We’re back for another review of Doctor Who! As always, this review will not be spoiler free, so if you’ve yet to see Smile, then you should probably watch the episode first. This week’s Doctor Who is called Smile and was written by Frank Cottrell-Boyce and directed by Lawrence Gogh. Smile takes the Doctor and Bill into the distant future as they land on a planet inhabited by microbots whose sole job is to make sure the humans who will soon be living there are happy. However, something has gone wrong, and these microbots have killed the entirety of the skeleton crew (the group of humans sent to prepare the planet for colonization). It’s up to the Doctor and Bill to find out what’s happened and why before the colonists arrive and suffer the same fate as the skeleton crew.
There are a lot of things to like about this episode. Firstly, it’s mainly another character piece. Aside from a small scene with Nardole (Matt Lucas) at the beginning of the episode, the first thirty minutes consist only of scenes between the Doctor (Capaldi) and Bill (Mackie). Structuring the episode like this gives a lot of room for character development, and Boyce does a good job with it. Fresh off the heels of everything that happened last week, Bill is still trying to wrap her head around the Doctor and who he is and what he does. In Smile, she gets to see him at work in his natural element as he tries to solve the mystery. She starts to see him less as the eccentric professor and more as an intergalactic policeman (which leads to some more funny banter about the TARDIS being in the shape of a police box; it’s actually a sweet moment.)
In terms of plot, Smile – like The Pilot – doesn’t really have a complex plot. And like The Pilot, this works to Smile‘s advantage. The simplistic plot allows the space for the character moments and the tension that the “monsters” bring to happen. Director Lawrence Gogh really handles tension well, with the assistance of his post-production crew. Of particular note is the sound design. This week’s bad guys feature a lot of sound elements – the microbots fly around the air like bees – and having smart sound design can really build the tension as you hear the buzzing but you can’t actually see the threat. Things are always more intimidating when you can’t see them, and Gogh and his team are able to succeed very well in this regard.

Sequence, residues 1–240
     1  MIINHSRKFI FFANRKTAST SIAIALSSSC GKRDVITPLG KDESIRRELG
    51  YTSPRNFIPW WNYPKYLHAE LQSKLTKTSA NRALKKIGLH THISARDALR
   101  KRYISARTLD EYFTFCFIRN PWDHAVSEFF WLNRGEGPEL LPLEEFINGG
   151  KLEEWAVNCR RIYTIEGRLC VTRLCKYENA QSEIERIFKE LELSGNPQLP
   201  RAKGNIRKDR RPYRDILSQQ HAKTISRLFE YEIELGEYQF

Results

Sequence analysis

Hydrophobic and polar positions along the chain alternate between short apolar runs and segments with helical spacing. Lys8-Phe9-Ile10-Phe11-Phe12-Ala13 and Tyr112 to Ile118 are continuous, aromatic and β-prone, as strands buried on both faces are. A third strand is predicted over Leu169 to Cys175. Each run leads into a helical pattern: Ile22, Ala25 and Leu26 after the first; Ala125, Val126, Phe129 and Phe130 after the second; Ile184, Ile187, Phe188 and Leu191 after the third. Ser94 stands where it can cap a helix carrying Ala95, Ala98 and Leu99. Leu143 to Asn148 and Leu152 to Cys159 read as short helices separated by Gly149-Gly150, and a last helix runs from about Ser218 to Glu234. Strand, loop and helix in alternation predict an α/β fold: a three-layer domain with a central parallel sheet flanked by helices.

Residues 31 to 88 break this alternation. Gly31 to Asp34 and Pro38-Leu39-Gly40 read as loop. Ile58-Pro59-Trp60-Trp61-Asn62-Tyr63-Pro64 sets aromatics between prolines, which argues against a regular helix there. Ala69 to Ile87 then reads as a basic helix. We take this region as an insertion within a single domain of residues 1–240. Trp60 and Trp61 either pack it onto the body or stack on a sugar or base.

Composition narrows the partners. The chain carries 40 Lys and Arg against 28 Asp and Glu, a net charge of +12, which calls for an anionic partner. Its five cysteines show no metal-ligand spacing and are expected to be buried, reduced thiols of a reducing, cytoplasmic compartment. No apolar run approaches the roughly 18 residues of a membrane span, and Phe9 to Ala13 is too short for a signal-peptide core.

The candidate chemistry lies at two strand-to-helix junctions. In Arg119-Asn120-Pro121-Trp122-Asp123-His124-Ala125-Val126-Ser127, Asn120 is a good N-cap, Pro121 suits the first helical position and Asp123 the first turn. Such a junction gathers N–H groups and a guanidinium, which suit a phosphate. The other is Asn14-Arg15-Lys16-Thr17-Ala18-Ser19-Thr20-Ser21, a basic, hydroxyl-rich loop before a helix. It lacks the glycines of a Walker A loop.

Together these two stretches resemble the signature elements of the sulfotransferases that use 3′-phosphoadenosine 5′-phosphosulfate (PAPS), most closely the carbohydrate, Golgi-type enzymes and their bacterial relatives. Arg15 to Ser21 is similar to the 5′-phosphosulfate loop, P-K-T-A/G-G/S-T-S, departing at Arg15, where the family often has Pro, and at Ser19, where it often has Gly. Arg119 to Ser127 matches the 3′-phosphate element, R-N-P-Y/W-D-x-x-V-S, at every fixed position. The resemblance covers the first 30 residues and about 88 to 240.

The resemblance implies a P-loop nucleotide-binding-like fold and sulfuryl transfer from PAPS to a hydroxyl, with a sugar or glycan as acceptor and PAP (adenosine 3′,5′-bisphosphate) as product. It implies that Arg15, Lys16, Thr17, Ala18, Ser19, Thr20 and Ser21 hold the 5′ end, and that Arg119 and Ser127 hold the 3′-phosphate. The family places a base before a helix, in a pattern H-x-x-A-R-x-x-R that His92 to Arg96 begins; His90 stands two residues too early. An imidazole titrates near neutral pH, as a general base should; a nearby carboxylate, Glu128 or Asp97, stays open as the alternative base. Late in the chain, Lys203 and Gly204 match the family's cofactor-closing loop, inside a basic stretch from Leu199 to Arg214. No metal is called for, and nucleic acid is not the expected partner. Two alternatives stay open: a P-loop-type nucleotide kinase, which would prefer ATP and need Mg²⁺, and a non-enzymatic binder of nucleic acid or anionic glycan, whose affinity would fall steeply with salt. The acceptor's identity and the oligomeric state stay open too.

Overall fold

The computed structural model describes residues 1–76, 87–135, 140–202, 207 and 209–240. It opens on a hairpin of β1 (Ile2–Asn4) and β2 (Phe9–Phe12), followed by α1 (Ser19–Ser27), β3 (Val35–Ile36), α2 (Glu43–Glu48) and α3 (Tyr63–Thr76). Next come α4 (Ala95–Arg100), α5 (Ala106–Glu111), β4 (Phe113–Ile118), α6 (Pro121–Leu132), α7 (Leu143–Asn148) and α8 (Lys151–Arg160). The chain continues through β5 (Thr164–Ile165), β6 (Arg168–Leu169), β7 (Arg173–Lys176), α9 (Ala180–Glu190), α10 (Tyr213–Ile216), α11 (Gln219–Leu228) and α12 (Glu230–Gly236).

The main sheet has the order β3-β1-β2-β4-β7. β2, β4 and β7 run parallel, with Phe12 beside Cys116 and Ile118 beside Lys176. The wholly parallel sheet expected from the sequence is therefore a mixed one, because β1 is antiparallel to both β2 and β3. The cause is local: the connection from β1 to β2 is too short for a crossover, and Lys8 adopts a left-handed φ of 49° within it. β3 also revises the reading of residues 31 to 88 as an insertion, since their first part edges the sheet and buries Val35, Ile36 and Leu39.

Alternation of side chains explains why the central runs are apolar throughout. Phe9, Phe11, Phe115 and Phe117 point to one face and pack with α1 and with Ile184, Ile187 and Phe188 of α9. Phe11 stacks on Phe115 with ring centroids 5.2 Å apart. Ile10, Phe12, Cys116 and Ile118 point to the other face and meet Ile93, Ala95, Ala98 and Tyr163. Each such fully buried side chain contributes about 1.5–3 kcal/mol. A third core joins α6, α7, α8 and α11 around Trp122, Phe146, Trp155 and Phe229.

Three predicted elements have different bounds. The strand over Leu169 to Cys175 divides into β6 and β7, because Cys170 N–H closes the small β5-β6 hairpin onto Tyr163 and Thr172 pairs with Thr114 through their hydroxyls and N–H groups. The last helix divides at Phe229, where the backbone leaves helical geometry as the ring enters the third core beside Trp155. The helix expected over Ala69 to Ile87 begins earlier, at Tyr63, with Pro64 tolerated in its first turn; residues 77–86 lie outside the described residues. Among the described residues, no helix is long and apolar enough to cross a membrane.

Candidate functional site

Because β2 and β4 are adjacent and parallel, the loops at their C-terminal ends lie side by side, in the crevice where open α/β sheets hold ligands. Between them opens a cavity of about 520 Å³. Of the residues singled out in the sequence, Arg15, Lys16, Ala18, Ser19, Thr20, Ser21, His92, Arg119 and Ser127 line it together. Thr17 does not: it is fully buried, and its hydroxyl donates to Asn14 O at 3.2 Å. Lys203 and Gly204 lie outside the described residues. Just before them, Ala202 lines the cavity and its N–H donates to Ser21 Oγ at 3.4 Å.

The other big thing I liked about this episode is that the monsters weren’t really monsters, nor were they really bad. The Vardy (the microbots) were designed to make people happy; that was their primary function. Like all good science fiction stories, this all goes horribly wrong. But it’s not that the Vardy actually want to kill people; they’ve detected grief for the first time. A woman dies a natural death and it’s the first time the Vardy have seen death and seen how it affects that person’s loved ones. So, the Vardy interpret death as the opposite of happiness: a plague that must be eradicated. And the only way they seem to be able to eradicate it is by killing anybody who “hosts” it.
This concept plays really well into the tension and horror of the episode. There’s something scary about having to control some part of your body that you normally control subconsciously. The Weeping Angels force you to control your blinking, else they might kill you. And the Vardy force you to control your emotions; you have to smile. If you show any signs of unhappiness, it’s over for you. They even give you a mood detector, so it’s almost impossible to control your mood. It’s inevitable that you will show some kind of sign of unhappiness.